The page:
Workers’ compensation is an insurance plan required to be carried by all employers. Workers’ compensation insurance supplies benefits to employees who are injured on the job or developed an illness because of their job. This includes medical treatment benefits, disability benefits, as well as death benefits. In many cases, workers aren’t even aware that they are entitled to this coverage and most aren’t aware that it exists until they actually need it.
Workers’ compensation laws are in place to make sure employees who become disabled or injured while working are compensated, removing the need for legal action. In exchange for qualifying for and receiving workers’ compensation benefits, the employee then cannot sue their employer for any other damages, including pain and suffering.
Workers’ rights laws also supply benefits to an employee’s dependents should an employee die from an accident or illness related to their occupation. It doesn’t matter whether the employer is at fault or was negligent in the incident causing the disability or injury for an employee to receive benefits. As long as the disability or illness was sustained during and because of their employment, an employee qualifies.
Minors are no different in qualifying for compensation than adults. Should a minor who is legally employed experience a disability due to an injury or illness related to their occupation, they qualify for the exact same benefits as any other employee would. The only difference between a workers’ claim for an adult and a claim for a minor would be in the case of a minor working in a situation that violates New Jersey or Federal child labor laws. If child labor laws were violated in the employment of the minor, awards for disability or death are twice the standard benefits.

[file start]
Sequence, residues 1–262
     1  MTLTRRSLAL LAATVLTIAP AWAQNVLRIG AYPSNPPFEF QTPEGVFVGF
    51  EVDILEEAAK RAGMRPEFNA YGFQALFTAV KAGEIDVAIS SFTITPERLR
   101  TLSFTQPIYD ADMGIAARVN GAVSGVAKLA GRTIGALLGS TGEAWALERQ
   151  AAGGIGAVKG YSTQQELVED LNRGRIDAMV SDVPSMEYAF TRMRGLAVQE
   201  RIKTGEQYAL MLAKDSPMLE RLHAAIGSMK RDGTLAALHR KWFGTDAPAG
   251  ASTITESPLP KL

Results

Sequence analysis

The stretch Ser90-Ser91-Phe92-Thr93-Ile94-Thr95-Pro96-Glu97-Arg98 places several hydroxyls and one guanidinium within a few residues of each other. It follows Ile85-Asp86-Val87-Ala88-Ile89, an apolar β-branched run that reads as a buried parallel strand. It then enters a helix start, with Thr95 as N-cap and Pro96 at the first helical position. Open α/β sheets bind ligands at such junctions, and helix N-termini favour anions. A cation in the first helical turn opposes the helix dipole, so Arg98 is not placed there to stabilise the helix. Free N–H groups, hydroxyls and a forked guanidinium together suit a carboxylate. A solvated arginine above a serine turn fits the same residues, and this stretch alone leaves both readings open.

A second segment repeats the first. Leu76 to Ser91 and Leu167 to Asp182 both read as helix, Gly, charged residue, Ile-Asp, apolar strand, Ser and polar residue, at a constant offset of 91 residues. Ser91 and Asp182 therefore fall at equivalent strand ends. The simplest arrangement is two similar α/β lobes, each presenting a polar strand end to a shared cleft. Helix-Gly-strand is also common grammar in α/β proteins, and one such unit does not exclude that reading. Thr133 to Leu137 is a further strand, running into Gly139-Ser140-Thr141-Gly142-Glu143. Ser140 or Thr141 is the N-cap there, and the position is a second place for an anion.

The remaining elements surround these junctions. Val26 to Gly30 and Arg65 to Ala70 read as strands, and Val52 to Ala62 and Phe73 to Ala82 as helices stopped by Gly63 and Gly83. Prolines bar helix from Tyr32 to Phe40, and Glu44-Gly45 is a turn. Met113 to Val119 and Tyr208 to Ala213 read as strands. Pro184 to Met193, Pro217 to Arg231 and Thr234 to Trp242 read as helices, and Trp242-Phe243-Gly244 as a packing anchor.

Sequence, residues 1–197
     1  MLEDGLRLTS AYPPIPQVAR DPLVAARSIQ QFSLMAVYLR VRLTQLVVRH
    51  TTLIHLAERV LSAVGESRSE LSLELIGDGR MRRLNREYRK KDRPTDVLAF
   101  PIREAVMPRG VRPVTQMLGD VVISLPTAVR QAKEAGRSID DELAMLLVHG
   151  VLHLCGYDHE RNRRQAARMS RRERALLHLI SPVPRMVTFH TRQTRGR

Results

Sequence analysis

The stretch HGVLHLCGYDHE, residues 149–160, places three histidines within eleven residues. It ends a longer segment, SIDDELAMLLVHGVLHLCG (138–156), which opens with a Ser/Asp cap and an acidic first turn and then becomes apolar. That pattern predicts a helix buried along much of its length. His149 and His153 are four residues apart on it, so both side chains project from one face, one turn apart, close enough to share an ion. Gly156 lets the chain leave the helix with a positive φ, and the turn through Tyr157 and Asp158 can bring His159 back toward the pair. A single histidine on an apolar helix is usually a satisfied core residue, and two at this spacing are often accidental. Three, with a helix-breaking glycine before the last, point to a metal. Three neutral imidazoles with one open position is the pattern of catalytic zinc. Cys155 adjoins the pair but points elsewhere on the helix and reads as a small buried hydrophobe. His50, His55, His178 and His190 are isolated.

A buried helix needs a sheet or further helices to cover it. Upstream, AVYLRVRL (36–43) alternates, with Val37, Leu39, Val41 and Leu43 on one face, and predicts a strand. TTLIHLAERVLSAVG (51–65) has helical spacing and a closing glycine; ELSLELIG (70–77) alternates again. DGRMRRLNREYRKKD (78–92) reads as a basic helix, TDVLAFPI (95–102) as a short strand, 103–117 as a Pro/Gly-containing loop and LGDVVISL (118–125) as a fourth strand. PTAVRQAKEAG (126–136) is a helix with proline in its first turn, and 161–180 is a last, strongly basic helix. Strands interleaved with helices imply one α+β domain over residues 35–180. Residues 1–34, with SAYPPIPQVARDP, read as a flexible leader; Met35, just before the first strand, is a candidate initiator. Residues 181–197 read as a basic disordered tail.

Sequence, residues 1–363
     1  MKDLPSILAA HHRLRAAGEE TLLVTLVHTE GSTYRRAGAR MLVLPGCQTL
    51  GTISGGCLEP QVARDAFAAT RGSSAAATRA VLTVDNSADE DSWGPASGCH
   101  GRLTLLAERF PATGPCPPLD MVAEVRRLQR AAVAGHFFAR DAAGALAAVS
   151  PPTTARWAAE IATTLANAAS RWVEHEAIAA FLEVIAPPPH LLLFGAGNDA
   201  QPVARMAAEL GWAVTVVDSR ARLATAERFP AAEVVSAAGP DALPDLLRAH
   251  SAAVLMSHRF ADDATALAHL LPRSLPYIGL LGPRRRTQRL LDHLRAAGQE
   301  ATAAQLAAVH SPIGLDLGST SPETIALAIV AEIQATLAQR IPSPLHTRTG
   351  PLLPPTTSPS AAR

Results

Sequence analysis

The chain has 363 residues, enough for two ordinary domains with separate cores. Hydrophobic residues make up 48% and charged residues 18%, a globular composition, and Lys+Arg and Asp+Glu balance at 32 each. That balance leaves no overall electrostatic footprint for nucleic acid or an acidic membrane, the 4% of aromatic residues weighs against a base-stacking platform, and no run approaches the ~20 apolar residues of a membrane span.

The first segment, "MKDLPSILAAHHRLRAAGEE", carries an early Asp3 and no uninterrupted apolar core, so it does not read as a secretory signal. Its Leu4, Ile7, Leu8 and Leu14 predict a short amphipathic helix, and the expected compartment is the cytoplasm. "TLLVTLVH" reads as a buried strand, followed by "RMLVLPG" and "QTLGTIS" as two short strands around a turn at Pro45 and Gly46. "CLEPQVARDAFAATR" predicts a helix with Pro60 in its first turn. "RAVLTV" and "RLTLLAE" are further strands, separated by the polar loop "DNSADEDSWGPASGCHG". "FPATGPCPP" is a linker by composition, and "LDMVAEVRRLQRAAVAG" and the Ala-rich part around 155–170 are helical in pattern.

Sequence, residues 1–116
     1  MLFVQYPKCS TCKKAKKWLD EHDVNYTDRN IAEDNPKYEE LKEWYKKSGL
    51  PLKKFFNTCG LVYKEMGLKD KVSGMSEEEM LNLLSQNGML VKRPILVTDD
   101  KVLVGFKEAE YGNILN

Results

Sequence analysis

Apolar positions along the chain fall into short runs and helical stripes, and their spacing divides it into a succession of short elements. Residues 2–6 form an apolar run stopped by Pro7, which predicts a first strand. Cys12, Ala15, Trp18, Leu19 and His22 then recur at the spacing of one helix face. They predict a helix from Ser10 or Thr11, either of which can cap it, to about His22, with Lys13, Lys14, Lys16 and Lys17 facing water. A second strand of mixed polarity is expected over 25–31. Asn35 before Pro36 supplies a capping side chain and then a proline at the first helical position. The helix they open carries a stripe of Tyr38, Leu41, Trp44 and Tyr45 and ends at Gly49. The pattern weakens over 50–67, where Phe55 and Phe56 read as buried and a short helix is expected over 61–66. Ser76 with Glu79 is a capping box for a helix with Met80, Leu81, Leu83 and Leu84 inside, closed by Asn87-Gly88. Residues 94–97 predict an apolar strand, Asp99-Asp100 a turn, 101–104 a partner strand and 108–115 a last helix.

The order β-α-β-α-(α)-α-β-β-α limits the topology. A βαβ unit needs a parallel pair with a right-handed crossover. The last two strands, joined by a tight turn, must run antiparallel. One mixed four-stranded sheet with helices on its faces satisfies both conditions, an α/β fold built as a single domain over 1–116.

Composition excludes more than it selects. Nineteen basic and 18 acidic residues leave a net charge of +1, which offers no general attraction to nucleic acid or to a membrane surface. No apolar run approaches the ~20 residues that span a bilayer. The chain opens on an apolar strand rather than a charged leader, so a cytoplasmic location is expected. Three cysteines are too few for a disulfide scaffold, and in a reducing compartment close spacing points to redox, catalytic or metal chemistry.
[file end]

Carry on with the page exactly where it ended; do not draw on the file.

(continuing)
There are numerous laws and factors regarding child labor. Without proper research or guidance, an employer could easily violate child labor laws. The kind of work the minor is doing, their age, the hours they are employed, the environment of their work and whether or not the hours are during school are all issues directly related to obeying the child labor laws.
In addition to a child being awarded twice the standard benefit in a workers’ compensation case, employers can be charged with a crime and face a maximum of $4,000 for each offense.
The laws regarding employment’ compensation and child labor can be extremely complex and difficult to understand. It would be nearly impossible for the average parent to be familiar with every element of either of them. Ensuring that the rights of the child are protected can be difficult when going at it alone. When parents aren’t clear on the laws, it is essential that they seek legal representation for their child. Hiring an attorney familiar with workers’ compensation and employment law can help you navigate that complicated maze.